Lu’s [3+2] cycloaddition of allenes with electrophiles: discovery, development and synthetic application.
      ,
      • Trost B.M.
      • Mata G.
      Forging odd-membered rings: palladium-catalyzed asymmetric cycloadditions of trimethylenemethane.
      ,
      • Ni H.
      • Chan W.-L.
      • Lu Y.
      Phosphine-catalyzed asymmetric organic reactions.
      ], have been successfully established for the stereoselective synthesis of five-membered rings with multi-stereogenic centers (Fig. 1a). Instead of proceeding through one- or two-component processes, the multi-component [2+2+1] annulation, closely related to the Pauson–Khand synthesis of cyclopentenones [
      • Khand I.U.
      • Knox G.R.
      • Pauson P.L.
      • Watts W.E.
      • Foreman M.I.
      Organocobalt complexes. Part II. Reaction of acetylenehexacarbonyldicobalt complexes, (R1C2R2)Co2(CO)6, with norbornene and its derivatives.
      ,
      • Gibson S.E.
      • Stevenazzi A.
      The Pauson–Khand Reaction: the catalytic age is here.
      ,
      • Yang Z.
      Navigating the Pauson-Khand reaction in total syntheses of complex natural products.
      ], is undoubtedly one of the most appealing and straightforward methods to rapidly assemble functionalized cyclopentanes from simple and readily available starting materials in a single operation (Fig. 1a). However, the scarcity of conventional 1,2-dication synthons makes chemo-, regio-, and stereoselective [2+2+1] annulations for the synthesis of multi-substituted chiral cyclopentanes generally toughly accessible.
      Fig. 1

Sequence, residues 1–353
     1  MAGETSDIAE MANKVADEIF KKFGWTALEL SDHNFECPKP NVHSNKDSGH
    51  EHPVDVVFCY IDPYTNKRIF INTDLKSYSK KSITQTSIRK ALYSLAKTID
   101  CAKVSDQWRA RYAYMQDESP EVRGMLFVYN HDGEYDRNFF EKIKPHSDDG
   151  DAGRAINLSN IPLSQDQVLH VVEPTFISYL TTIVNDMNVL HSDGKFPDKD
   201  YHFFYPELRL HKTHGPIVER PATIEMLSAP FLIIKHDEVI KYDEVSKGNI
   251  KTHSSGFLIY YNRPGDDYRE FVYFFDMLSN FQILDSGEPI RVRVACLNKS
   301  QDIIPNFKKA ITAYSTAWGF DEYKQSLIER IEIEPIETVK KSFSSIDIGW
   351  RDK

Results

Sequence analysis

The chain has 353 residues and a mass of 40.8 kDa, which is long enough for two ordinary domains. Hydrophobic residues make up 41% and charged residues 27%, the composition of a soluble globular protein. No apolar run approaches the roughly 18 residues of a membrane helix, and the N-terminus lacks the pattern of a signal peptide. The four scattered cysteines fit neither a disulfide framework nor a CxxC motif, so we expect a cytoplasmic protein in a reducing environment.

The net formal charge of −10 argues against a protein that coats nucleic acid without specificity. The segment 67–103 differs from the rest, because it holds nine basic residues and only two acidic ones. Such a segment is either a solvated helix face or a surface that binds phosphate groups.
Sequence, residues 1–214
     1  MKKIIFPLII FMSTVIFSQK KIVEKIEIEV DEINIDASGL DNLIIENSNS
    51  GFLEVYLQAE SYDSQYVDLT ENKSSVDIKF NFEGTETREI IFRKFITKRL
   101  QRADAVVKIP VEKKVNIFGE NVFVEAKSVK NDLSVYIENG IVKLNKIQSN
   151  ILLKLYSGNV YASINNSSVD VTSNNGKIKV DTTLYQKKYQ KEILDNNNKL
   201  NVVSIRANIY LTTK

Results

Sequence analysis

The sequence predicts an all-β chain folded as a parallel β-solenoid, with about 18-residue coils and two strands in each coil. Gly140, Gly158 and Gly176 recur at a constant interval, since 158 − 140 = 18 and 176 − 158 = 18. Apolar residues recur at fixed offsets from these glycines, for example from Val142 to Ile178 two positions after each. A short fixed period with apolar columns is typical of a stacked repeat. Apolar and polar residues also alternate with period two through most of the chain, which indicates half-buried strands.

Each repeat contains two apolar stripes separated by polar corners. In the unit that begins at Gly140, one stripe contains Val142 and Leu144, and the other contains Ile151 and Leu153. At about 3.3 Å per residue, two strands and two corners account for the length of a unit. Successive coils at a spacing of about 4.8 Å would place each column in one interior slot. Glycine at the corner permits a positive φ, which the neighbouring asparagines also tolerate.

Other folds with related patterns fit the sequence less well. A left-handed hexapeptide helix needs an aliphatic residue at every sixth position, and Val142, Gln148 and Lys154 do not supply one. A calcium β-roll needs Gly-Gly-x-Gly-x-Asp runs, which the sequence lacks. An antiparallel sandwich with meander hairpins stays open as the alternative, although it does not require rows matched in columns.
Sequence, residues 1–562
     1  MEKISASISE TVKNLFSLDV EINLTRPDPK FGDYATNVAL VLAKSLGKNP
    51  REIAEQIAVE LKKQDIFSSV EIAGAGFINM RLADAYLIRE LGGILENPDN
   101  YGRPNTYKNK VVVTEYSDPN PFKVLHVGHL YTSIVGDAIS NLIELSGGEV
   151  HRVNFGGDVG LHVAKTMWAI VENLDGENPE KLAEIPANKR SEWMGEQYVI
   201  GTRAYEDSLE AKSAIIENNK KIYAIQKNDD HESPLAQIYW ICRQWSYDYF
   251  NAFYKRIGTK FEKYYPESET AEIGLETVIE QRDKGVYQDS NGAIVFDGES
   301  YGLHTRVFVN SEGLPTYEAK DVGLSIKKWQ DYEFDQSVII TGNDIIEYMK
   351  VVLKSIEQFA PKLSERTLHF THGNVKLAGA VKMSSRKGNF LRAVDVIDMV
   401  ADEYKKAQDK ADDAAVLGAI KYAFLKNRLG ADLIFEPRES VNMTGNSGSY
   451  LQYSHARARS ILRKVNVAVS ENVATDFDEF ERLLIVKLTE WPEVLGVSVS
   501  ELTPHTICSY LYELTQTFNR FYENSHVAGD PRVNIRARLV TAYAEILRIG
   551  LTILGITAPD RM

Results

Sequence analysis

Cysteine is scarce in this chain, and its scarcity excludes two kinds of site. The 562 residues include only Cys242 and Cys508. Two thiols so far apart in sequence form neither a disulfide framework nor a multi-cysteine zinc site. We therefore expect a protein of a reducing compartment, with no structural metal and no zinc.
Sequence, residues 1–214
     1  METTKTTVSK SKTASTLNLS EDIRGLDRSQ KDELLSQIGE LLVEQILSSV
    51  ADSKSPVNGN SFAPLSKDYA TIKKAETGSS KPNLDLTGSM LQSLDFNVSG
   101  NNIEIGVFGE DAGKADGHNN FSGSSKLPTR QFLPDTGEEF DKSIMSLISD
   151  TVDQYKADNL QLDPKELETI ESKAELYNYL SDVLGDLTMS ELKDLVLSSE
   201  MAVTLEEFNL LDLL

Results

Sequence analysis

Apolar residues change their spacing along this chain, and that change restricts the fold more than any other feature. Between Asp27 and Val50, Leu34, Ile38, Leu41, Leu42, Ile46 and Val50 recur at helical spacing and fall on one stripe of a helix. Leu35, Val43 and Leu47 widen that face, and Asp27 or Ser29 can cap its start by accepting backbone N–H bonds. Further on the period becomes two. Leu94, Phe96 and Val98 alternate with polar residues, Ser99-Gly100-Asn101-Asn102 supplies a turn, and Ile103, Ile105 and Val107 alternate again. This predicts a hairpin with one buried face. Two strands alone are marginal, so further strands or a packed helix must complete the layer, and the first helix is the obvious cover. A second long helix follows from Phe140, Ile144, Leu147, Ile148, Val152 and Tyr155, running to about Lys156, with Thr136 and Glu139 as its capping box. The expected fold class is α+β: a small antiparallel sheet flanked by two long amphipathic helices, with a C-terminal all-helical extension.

Fig. 1Methods to access chiral cyclopentanes. a, Commonly used methods to access chiral cyclopentanes. b, Asymmetric [2+2+1] annulation enabled by the combination of chiral organocatalysis and palladium catalysis (this work).
      Here, we disclose that the combination of chiral organocatalysis and palladium catalysis [
      • Chen D.-F.
      • Han Z.-Y.
      • Zhou X.-L.
      • Gong L.-Z.
      Asymmetric organocatalysis combined with metal catalysis: concept, proof of concept, and beyond.
      ] can enable the C–C double bond of allyl ketones to serve as latent 1,2-dication synthons, which are able to participate in an asymmetric [2+2+1] annulation reaction with acidic methylene compounds and nitroalkenes to provide highly functionalized cyclopentane skeleton with three continuous stereogenic centers (Fig. 1b), and in particular, the diastereoisomers can also be smoothly obtained by a simple manipulation with K3PO4 as a base.
      The design plan of evaluating α-alkenes as 1,2-dication synthons stems from our previous work on the Pd-catalyzed asymmetric allylic C–H cleavage [
      • Wang P.-S.
      • Gong L.-Z.
      Palladium-catalyzed asymmetric allylic C-H functionalization: mechanism, stereo- and regioselectivities, and synthetic applications.
      ,
      • Wang P.-S.
      • Lin H.-C.
      • Zhai Y.-J.
      • Han Z.-Y.
      • Gong L.-Z.
      Chiral counteranion strategy for asymmetric oxidative C(sp3)-H/C(sp3)-H coupling: enantioselective alpha-allylation of aldehydes with terminal alkenes.
      ,
      • Wang P.-S.
      • Liu P.
      • Zhai Y.-J.
      • Lin H.-C.
      • Han Z.-Y.
      • Gong L.-Z.
      Asymmetric allylic C-H oxidation for the synthesis of chromans.
      ,
      • Wang P.-S.
      • Shen M.-L.
      • Wang T.-C.
      • Lin H.-C.
      • Gong L.-Z.
      Access to chiral hydropyrimidines through palladium-catalyzed asymmetric allylic C-H amination.
      ,
      • Fan L.-F.
      • Luo S.-W.
      • Chen S.-S.
      • Wang T.-C.
      • Wang P.-S.
      • Gong L.-Z.
      Nucleophile coordination enabled regioselectivity in palladium-catalyzed asymmetric allylic C−H alkylation.
      ,
      • Lin H.-C.
      • Xie P.-P.
      • Dai Z.-Y.
      • Zhang S.-Q.
      • Wang P.-S.
      • Chen Y.-G.
      • Wang T.-C.
      • Hong X.
      • Gong L.-Z.
      Nucleophile-dependent Z/E- and regioselectivity in the palladium-catalyzed asymmetric allylic C-H alkylation of 1,4-dienes.
      ,
      • Wang T.-C.
      • Fan L.-F.
      • Shen Y.
      • Wang P.-S.
      • Gong L.-Z.
      Asymmetric allylic C-H alkylation of allyl ethers with 2-acylimidazoles.
      ,
      • Wang T.-C.
      • Wang P.-S.